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October 14, 2012

Equine therapy helping wounded warriors

DUNCAN — There is a passion burning deep inside Jan Smith, and the inferno is spreading.

More importantly, it’s reaching those that need it the most.

Smith owns Spirithorse Chisholm Trail Therapy Center in Comanche, and she is reaching out to those that have served and sacrificed for our country, those that have been part of the United States military.

Primarily that involves soldiers from Fort Sill, just 55 miles from the Spirithorse complex near Comanche Lake.

“We work with the soldiers who have been injured or who have suffered while serving our country,” Smith said. “We are not under the Wounded Warrior project; we are our own private organization, but we do work with wounded soldiers.

“We try to do as much as we can to build the core muscles for those with injuries. We work in mental and physical capacities, and lately, we’ve had more on the mental side.”

The Wounded Warriors Equine Therapy is designed to provide the soldiers with an outlet, a muscle training regimen and an opportunity to find much needed solace.

“Since August, we’ve had about 45 soldiers come over every week, and we tend to get the same three or four each time,” she said. “The suicide rate of the soldiers who have fought for our country is so high, and that’s why I always stress to them that only another soldier, another veteran will know how they feel. All I try to do is have a good, steady program for them to come enjoy the time they’re away from there.”

The project seems to be working.

The key is using horses to help assist in relieving the pain soldiers have suffered, both physical and mental.

A horse’s gait helps the soldiers with balance and core strength and develops muscle tone and self-confidence.

Horse therapy relaxes those with Post Traumatic Stress Disorder and provides therapy that can’t be found in a hospital setting.

“The first time I ever went to Fort Sill and saw the passion these guys have for our country, it became our passion to give back just a little bit,” said Smith, who operates Spirithorse with her husband, J.P. “It’s not much of time for them to come over to our ranch for four to five hours a day once a week, but it’s something we can do.”

Spirithorse also reaches out to children with special needs, and only recently has it been working with soldiers. But people have seen the work and have recognized just how important the equine therapy is.

The Wounded Warriors Equine Therapy has been adopted by the Chisholm Trail Ram Prairie Circuit Finals Rodeo committee as its charitable beneficiary.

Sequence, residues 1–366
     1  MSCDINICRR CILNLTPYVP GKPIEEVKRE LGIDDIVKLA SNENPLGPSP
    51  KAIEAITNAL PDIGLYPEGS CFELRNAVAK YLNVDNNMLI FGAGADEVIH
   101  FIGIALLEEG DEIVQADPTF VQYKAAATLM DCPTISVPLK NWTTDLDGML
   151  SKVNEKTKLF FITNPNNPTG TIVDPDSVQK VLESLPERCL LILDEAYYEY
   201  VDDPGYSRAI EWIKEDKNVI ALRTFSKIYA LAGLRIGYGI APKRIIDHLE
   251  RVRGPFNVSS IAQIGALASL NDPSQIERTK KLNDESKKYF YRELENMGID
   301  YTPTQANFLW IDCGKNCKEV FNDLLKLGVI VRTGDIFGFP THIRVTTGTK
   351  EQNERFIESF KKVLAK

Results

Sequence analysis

The rodeo, set for 6:30 p.m. Thursday, Oct. 18 through Saturday, Oct. 20, at the Stephens County Fair & Expo Center, and will feature the top contestants in the Oklahoma-Kansas-Nebraska region.

“The committee took this project under their wings that this will be the charity for the circuit finals,” Smith said. “We’ve been able to use the county’s indoor arena on the cold and windy days, so that’s great. Mike Anderson has opened his arms, and the county commission has donated the building for us to use like that, so we really appreciate it.

“I’m also involved in the rodeo, and Spirithorse is sponsoring the opening each night.”

There fans will see a large military presence, which is important to those associated with the rodeo and the community.

That’s why the soldiers’ involvement in the program is so special to Smith.

“”These soldiers are having the best time,” she said. “They want to learn. They want to learn about the horse and how they’re used in the different events. It opens a door to these soldiers that, in a hospital, they’d never have this kind of setting.”

What the therapy provides goes far beyond just spending time with the animals.

“It’s impacted the soldiers’ lives and our lives,” Smith said. “Some of them even come to help with our special needs children’s programs. They take the time to help out. Even though they’re mentally and physically beat up, they help out. They’re reaching out again.”

That’s the sign of true success.

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